Parents and teachers might worry that being wrong lessens their standing or authority in the eyes of their children. But this is a doomed position: there is no chance that we know everything, or that everything we know is correct and will remain so. Modelling how to deal with being wrong – admitting it and taking steps to correct it – is a vital skill in an age of rapidly changing information.

Embrace when you are wrong, explain why you might have come to the wrong conclusion and celebrate the fact that you are in a better position than before.     

2. Value inquiry over knowledge

It is possible to change your mind every day and still be entirely consistent. Consistency here is about the process of inquiry, not the outcome. If a better argument or new information comes along, accommodate it rather than denying it.

Being able to change position is a valuable skill. Be known for your ability to inquire and to adapt to circumstances, not just for the scope of your knowledge. After all, inquiry demands a broad range of cognitive skills such as deducing, categorising, inferring, analysing and synthesising. Knowledge just needs recall.

A dedication to clarity, accuracy, coherence and precision in thinking is a far more impressive intellectual achievement than simply knowing more than someone else – or worse, pretending to know more.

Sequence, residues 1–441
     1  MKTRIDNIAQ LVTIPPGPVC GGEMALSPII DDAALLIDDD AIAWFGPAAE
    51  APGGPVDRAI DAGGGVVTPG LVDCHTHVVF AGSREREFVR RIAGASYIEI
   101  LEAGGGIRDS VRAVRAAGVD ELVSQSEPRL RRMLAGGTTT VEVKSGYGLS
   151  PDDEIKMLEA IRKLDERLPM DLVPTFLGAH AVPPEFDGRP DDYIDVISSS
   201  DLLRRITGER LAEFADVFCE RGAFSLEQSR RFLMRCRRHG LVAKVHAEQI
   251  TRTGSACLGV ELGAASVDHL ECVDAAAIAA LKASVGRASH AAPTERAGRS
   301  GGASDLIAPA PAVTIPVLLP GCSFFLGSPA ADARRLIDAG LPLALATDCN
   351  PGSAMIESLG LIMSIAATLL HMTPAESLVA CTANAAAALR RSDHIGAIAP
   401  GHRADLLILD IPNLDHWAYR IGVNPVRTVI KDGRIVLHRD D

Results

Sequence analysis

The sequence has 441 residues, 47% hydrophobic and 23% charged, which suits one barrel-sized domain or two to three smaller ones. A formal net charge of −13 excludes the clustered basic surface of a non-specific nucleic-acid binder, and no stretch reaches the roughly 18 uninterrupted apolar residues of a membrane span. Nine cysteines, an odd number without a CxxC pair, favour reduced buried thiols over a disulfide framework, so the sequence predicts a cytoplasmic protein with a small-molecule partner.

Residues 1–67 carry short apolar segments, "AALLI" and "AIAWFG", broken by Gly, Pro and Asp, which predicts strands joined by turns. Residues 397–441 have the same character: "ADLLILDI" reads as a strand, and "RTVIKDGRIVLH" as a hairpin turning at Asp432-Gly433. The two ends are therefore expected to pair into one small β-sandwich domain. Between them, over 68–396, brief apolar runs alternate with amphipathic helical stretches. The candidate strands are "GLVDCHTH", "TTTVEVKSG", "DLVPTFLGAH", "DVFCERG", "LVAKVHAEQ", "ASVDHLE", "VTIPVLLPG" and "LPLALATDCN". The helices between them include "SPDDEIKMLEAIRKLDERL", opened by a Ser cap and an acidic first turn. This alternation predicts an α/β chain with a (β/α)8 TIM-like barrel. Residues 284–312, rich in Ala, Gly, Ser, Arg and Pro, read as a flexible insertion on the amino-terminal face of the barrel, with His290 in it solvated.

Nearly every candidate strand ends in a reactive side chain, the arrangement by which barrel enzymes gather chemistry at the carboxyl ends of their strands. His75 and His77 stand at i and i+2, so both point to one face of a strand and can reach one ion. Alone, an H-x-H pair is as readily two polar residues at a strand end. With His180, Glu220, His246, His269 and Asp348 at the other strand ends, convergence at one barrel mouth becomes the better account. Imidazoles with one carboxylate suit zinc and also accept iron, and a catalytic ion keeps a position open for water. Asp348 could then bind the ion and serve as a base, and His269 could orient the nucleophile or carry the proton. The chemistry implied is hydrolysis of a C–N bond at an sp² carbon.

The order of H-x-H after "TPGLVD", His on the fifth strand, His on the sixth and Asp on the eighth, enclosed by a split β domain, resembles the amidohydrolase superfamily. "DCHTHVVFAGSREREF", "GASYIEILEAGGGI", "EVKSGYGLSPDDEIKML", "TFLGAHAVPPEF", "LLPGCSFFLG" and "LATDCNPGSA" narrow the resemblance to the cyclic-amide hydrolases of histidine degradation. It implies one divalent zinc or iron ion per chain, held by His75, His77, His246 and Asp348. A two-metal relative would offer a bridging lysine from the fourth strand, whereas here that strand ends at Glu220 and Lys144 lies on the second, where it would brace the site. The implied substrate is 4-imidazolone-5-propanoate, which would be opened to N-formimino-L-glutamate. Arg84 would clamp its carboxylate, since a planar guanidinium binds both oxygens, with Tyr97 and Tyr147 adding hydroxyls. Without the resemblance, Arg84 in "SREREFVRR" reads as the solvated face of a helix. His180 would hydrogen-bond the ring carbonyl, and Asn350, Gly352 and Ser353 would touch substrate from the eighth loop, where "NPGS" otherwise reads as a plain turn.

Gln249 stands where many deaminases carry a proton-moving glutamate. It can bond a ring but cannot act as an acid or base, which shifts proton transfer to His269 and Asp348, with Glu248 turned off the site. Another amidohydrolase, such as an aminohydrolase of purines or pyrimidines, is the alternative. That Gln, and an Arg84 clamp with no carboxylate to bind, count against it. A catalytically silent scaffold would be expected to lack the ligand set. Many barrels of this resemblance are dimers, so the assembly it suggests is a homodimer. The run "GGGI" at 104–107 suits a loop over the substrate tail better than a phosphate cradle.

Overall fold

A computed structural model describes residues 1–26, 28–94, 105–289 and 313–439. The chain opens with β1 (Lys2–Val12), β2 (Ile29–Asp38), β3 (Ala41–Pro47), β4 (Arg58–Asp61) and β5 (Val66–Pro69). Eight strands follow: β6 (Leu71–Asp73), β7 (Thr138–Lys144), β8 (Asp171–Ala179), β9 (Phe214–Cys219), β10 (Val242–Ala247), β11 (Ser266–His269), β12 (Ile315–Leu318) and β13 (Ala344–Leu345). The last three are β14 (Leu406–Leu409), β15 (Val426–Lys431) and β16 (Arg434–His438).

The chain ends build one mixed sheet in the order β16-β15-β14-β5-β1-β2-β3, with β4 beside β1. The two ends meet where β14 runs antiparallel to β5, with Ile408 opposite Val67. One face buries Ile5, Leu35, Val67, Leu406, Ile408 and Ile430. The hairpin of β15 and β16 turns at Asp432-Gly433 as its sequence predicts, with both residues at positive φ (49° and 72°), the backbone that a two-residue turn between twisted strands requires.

3. Embrace uncertainty

The core of resilience is comfort with uncertainty. A tolerance for ambiguity and the confidence to deal with it can only be developed through experience.

If we take this away from our children, their later and inevitable learning experiences will be more costly.

We need to admit to our children when we don’t know something, or that we might need to look to others for answers or guidance. Doing so does not show a lack of confidence. It shows that you know the path from uncertainty to belief.

4. Show empathy

Children need to move from an egocentric worldview to one in which the positions and ideas of others help make up the substrate of intellectual engagement. We need to know how others might think if we are to expand our own ability to think effectively. We also need to know how to use their thinking to improve our arguments.